The Jølstravatnet lake splits the municipality in half, which creates a centre of population at each end of the lake: Skei in the eastern end of the lake and Vassenden (English: the water-end) in the western part, where the river Jølstra starts. A small end of the lake Breimsvatnet crosses over into the municipality of Jølster.

Jølster is bordered to the north by the municipalities of Stryn and Gloppen, to the east by Luster, to the southeast by Sogndal, and to the south and west by Førde. The Jostedalsbreen National Park lies partially in this municipality.


Tourism is one of the largest industries in Jølster, and there are hotels, campsites, and a number of tourist facilities in each centre of the municipality. In addition to tourism, agriculture and construction are the other most important industries.


View from Snønipa to the north
Painting by Nikolai Astrup


Astruptunet was the home of the painter Nikolai Astrup (1880–1928) for the last fourteen years of his life. The Astrup Farm (Astruptunet) was the artist's home and small farm, but today it is a museum and art gallery, kept as it was in Astrup's days, nestled among the steep but fertile slopes on the south side of Jølstravatn. The barn was torn down and rebuilt as a gallery, but in the same style as the old barn. The gallery has permanent exhibitions of Astrup's work such as paintings, graphics, wood-engraving plates and sketches. Most of his scenes have been taken from Jølster and Nikolai Astrup has since remained one of the most Norwegian of our national artists.

Nikolai Astrup lived most of his life in Jølster. Astrup often is regarded as the artist of Western Norway, as he found virtually all of his motives in his home surroundings. He's considered the "most Norwegian" of all the national artists of Norway.[8]

Another Norwegian painter and graphic artist, Ludvig Eikaas, is closely connected to Jølster. The artist grew up in Jølster, but later moved to Oslo. He is among other things famous for his non-figurative art and portraits/self-portraits.

The Eikaas Gallery was originally an old dairy farm in Ålhus that was purchased by the municipality of Jølster and converted to a modern art gallery. The collection contains about 300 works of art by Ludvig Eikaas. Since the opening of the Eikaas Gallery in 1994, many tourists have stopped to enjoy the "humorous madness" and other varieties of the art of Ludvig Eikaas.[8]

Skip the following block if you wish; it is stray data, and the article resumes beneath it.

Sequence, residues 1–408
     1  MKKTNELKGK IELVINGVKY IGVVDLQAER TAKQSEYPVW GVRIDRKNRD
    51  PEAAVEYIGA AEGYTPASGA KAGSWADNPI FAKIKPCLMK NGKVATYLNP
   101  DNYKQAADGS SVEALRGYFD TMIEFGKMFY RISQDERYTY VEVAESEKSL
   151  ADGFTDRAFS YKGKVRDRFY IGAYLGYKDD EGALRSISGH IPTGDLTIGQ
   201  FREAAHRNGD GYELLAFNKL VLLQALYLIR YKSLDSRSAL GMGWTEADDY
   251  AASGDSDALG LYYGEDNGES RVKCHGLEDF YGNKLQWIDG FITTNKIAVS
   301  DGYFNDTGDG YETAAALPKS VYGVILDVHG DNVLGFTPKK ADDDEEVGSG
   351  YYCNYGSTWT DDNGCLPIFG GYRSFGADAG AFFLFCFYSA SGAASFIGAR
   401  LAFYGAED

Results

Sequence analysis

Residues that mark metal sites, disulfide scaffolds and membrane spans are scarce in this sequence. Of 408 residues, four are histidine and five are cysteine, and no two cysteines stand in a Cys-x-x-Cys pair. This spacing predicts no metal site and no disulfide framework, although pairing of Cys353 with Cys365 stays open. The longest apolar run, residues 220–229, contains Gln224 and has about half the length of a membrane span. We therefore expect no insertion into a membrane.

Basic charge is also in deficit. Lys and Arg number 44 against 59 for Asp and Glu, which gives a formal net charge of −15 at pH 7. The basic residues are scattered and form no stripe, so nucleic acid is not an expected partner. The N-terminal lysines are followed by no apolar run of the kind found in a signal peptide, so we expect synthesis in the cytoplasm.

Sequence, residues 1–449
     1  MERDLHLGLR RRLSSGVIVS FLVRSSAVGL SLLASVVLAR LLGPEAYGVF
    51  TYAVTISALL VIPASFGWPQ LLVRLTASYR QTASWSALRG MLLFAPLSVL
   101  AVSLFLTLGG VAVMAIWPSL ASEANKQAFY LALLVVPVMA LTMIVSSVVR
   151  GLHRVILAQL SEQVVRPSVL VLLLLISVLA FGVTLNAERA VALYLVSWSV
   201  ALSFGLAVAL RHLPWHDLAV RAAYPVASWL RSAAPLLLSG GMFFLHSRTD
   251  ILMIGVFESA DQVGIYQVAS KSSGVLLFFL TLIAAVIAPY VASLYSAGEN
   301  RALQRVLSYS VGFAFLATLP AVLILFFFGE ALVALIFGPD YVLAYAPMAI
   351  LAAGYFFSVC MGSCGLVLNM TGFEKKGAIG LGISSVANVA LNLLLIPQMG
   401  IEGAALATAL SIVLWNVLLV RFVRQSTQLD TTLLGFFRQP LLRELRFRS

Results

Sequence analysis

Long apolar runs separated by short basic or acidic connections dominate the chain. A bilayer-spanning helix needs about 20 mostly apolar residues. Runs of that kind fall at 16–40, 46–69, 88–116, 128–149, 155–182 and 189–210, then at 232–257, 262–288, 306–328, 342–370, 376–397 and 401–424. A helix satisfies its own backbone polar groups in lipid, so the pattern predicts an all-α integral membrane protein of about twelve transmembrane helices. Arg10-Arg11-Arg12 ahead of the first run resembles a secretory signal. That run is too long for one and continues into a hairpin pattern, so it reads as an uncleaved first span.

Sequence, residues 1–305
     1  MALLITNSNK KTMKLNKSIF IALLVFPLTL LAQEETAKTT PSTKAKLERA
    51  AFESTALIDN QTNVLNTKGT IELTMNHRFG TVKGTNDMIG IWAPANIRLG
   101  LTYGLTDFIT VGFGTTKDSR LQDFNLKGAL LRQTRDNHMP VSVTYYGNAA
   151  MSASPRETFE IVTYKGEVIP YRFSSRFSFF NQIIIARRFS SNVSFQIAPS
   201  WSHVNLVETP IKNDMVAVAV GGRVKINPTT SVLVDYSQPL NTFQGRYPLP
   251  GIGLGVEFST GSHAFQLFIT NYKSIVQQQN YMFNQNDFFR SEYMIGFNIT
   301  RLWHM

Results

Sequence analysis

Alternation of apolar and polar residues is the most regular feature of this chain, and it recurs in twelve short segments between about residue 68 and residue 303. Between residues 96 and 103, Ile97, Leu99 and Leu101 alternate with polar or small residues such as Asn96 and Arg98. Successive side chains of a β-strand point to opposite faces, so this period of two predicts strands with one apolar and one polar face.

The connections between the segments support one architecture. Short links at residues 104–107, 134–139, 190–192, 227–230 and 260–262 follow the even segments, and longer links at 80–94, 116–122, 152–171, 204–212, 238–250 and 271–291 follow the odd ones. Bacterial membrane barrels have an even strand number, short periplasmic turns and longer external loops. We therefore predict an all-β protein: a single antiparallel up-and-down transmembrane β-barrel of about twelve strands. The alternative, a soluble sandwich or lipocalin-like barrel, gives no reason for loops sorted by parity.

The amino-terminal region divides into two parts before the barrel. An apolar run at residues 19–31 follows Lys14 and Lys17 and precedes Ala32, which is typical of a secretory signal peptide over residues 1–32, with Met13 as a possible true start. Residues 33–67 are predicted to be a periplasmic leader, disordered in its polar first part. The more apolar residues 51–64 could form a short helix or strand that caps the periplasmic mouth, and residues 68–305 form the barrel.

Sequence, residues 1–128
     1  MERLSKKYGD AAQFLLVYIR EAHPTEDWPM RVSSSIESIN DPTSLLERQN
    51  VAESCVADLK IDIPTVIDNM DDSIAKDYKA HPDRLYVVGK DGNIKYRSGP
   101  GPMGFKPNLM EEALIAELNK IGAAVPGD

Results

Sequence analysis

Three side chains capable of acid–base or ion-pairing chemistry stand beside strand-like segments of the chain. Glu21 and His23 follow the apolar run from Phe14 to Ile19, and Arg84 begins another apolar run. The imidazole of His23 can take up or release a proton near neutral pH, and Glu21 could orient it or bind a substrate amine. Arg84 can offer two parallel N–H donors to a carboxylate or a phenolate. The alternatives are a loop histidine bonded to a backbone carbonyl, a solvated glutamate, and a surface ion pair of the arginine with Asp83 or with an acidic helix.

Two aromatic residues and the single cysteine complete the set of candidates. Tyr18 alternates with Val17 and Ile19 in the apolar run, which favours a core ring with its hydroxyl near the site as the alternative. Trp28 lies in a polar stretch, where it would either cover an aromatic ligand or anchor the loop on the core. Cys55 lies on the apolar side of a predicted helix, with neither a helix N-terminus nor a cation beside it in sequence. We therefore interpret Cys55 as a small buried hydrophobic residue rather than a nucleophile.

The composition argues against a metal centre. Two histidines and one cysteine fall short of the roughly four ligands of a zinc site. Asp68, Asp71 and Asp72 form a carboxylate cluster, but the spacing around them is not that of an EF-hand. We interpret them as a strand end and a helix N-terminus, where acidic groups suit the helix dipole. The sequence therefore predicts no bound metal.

Jølstra Museum

The Jølstra museum is a private village green with many original Jølstra buildings and a collection of around 3,000 artifacts. There are also exhibitions of paintings by Ludvig Eikaas and Oddvar Torsheim and of Jølster textiles.[8]

Jølster Alpine Ski Centre

Jølster can offer you several alternatives for skiing enthusiasts. Jølster alpine ski centre lies at Vassenden. Here you can enjoy yourself on the slopes or you can take the lift to the top and crosscountry ski through the valley. There are lighted ski trails in the villages of Årdal and Dvergsdalen. Jølster also has many wild and beautiful mountains for Telemark skiing enthusiasts.[8]

Notable residents


Wikimedia Commons has media related to Jølster.
  1. "Navn på steder og personer: Innbyggjarnamn" (in Norwegian). Språkrådet. Retrieved 2015-12-01.
  2. Natvik, Oddvar (9 February 2005). "Some historical data on the 26 Kommunes".
  3. Jukvam, Dag (1999). "Historisk oversikt over endringer i kommune- og fylkesinndelingen" (PDF) (in Norwegian). Statistics Norway.
  4. Rygh, Oluf (1919). Norske gaardnavne: Nordre Bergenhus amt (in Norwegian) (12 ed.). Kristiania, Norge: W. C. Fabritius & sønners bogtrikkeri. p. 308.
  5. Norske Kommunevåpen (1990). "Nye kommunevåbener i Norden". Retrieved 3 August 2008.
  6. "Members of the local councils". Statistics Norway. 2011. Retrieved 2013-11-26.
  7. "Ordførar" (in Norwegian). Jølster kommune. 2011-11-11. Retrieved 2013-11-27.
  8. 1 2 3 4 "Jølster Municipality in Norway". GoNorway.no. Retrieved 11 August 2008.